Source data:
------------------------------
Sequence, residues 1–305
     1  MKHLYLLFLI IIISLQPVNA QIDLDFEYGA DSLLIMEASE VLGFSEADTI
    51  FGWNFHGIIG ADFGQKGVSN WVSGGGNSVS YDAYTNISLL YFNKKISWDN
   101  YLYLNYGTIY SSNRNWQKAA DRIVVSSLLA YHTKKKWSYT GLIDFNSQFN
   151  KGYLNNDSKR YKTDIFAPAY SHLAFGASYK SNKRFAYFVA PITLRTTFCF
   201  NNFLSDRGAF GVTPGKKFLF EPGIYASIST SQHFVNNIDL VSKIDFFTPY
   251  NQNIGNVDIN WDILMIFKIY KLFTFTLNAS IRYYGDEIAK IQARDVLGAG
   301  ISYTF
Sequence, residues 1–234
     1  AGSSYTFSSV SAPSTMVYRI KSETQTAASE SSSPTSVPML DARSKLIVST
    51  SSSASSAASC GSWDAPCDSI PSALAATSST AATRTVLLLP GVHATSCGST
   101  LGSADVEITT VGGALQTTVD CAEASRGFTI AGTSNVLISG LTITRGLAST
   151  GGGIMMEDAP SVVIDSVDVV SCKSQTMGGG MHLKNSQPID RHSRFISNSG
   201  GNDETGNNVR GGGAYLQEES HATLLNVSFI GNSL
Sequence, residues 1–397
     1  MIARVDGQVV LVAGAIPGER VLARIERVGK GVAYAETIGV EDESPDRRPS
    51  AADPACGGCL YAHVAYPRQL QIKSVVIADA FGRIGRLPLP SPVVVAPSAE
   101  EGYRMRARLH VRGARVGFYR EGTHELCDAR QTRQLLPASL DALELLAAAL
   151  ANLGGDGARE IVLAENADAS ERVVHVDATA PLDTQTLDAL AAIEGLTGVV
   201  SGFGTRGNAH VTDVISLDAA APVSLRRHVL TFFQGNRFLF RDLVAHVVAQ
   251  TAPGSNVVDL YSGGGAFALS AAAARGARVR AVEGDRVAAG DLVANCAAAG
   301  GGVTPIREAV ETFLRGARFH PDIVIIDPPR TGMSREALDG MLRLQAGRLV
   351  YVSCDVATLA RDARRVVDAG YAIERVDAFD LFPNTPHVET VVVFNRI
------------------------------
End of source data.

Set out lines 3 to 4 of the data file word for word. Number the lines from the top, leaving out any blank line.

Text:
    51  FGWNFHGIIG ADFGQKGVSN WVSGGGNSVS YDAYTNISLL YFNKKISWDN
   101  YLYLNYGTIY SSNRNWQKAA DRIVVSSLLA YHTKKKWSYT GLIDFNSQFN